the Viacom-CBS consolidation did not get a word in edgewise. There was, however, an unintended satire of corporate journalism when a writer referred to the bygone era of the 1970s: "In those quaint days,
it bothered people when companies owned too many media properties."
The Washington Post, meanwhile, ran a front-page story that provided similar treatment of the latest and greatest media merger, pausing just long enough for a short dissonant note from media critic Mark
Crispin Miller: "The implications of these mergers for journalism and the arts are enormous. It seems to me that this is, by any definition, an undemocratic development. The media system in a democracy
should not be inordinately dominated by a few very powerful interests." It wasn't an idea that the Post's journalists pursued.
Overall, the big media outlets—getting bigger all the time—offer narrow and cheery perspectives on the significance of merger mania. News accounts keep the focus on market share preoccupations of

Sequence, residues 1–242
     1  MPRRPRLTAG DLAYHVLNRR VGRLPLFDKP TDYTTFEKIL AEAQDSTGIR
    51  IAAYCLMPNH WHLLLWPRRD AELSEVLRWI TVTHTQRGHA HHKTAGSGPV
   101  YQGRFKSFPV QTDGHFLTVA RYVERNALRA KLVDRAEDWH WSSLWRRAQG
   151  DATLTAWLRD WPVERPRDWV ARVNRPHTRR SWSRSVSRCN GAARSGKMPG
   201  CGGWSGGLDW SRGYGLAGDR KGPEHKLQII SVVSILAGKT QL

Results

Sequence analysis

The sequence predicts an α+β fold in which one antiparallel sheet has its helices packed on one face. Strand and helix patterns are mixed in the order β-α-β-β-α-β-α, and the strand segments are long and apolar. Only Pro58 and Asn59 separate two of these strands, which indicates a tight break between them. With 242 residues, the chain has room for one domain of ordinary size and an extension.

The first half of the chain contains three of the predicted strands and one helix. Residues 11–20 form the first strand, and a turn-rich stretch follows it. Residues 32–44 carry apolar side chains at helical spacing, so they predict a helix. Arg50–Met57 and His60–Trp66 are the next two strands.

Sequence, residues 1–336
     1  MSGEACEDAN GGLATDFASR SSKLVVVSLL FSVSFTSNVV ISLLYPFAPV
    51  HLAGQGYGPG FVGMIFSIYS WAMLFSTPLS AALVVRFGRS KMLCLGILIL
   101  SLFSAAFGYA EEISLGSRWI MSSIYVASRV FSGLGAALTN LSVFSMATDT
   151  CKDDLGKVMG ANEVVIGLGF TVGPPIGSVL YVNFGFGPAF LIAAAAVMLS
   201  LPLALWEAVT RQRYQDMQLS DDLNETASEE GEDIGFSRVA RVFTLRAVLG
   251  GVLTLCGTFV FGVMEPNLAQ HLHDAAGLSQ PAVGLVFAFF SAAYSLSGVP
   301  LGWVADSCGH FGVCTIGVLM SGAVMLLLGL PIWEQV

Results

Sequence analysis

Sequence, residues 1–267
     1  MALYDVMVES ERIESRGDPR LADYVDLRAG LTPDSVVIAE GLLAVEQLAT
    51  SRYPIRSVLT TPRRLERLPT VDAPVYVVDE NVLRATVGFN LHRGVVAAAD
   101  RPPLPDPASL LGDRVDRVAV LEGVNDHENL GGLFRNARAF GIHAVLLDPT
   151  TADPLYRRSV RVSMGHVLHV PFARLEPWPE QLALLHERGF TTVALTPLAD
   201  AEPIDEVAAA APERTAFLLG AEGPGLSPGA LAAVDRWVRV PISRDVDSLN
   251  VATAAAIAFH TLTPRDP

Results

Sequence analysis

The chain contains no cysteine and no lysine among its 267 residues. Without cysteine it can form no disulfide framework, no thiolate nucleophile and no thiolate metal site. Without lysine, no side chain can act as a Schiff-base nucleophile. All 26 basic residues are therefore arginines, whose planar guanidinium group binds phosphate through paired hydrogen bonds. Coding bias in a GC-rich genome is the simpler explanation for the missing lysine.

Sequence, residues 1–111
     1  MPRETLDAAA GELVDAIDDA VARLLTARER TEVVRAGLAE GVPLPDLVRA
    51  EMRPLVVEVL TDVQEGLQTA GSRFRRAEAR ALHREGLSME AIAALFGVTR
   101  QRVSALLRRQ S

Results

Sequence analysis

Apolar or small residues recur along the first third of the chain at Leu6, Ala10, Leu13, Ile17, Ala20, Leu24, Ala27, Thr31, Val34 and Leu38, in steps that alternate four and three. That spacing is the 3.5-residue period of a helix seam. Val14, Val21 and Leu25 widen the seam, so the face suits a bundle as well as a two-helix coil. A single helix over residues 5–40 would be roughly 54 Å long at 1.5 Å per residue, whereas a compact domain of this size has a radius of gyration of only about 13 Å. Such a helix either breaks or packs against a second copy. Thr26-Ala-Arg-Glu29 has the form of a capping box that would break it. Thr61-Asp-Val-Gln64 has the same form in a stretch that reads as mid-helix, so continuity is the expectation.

investors and top managers. Numerous stories explore the widening vistas of cross-promotional synergy for the shrewdest media titans. While countless reporters are determined to probe how each company
stands to gain from the latest deal, few of them demonstrate much enthusiasm for exploring what is at stake for the public.
With rare exceptions, news outlets covered the Viacom-CBS merger as a business story. But more than anything else, it should have been covered, at least in part, as a story with dire implications for
possibilities of democratic discourse. And the same was true for the announcement that came a few months later—on January 10, 2000—when a hush seemed to fall over the profession of journalism.
A grand new structure, AOL Time Warner, was unveiled in the midst of much talk about a wondrous New Media world to come, with cornucopias of bandwidth and market share. On January 2, just one week before
the portentous announcement, the head of Time Warner had alluded to the transcendent horizons. Global media "will be and is fast becoming the predominant business of the 21st century," Gerald Levin said
on CNN, "and we're in a new economic age, and what may happen, assuming that's true, is it's more important than government. It's more important than educational institutions and non-profits."